Monday, April 4, 2011


Edge by Jeffery Deaver

Lifters, shepherds, primaries, and principals make up the character list in Deaver's latest thriller. Corte, a shepherd, works for a government agency responsible for protecting high-profile government witnesses (principals) against the lifters. Lifters, who have been hired by the primary, are willing to take whatever steps are necessary in order to get to the principals and extract the information they possess. They'll use physical torture if they can get to them directly, and if not, they'll kidnap and torture the principal's loved ones.

The Kessler family is Corte's latest responsibility and someone in that family has information that Henry Loving has been paid to extract. Corte has gone up against Loving before, and he knows how ruthless Loving can be and how ingenious his tactics may become.

Deaver, who is known for his roller-coaster-type plot twists upped the anti on himself with this one. For the first time he uses a first-person narrator to tell the story. That format doesn't usually lend well to surprise twists in the story, because the only perspective available to the reader is that of the narrator. Deaver accomplishes his goal masterfully. I have to admit that several times while reading the book, I could sense a plot twist coming, but that's due more to the fact that I've read most everything he's written and trying to anticipate and identify his twists has become almost a game I play while reading them. But never did I know exactly what was going to happen before it did.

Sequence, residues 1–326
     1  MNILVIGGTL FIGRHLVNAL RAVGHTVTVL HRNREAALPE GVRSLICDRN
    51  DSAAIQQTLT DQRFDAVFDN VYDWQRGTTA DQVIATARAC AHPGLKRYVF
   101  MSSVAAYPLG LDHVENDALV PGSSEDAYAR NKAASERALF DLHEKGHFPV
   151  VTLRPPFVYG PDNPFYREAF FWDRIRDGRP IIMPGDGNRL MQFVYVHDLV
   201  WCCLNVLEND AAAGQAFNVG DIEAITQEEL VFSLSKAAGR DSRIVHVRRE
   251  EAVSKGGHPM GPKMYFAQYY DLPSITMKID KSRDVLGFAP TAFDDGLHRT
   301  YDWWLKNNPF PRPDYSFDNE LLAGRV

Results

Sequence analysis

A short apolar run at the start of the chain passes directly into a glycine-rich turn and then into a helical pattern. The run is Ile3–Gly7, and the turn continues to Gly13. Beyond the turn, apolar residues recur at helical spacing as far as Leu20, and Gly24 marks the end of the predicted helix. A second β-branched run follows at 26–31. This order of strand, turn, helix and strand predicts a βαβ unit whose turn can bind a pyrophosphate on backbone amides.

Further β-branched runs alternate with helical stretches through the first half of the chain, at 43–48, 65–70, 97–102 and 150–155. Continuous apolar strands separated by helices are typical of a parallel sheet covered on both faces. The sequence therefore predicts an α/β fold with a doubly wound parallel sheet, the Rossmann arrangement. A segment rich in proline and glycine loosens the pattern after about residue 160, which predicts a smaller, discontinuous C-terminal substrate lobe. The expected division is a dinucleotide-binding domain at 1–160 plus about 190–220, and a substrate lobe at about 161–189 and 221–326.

Edge is a fun read for anyone who enjoys the genre. It was a refreshing departure from his Lincoln Rhyme and Katherine Dance books. There's something very satisfying for me in stand-alone books. I like the fact that they have a beginning, a middle, and a definitive end.

★ ★ ★ ☆ ☆

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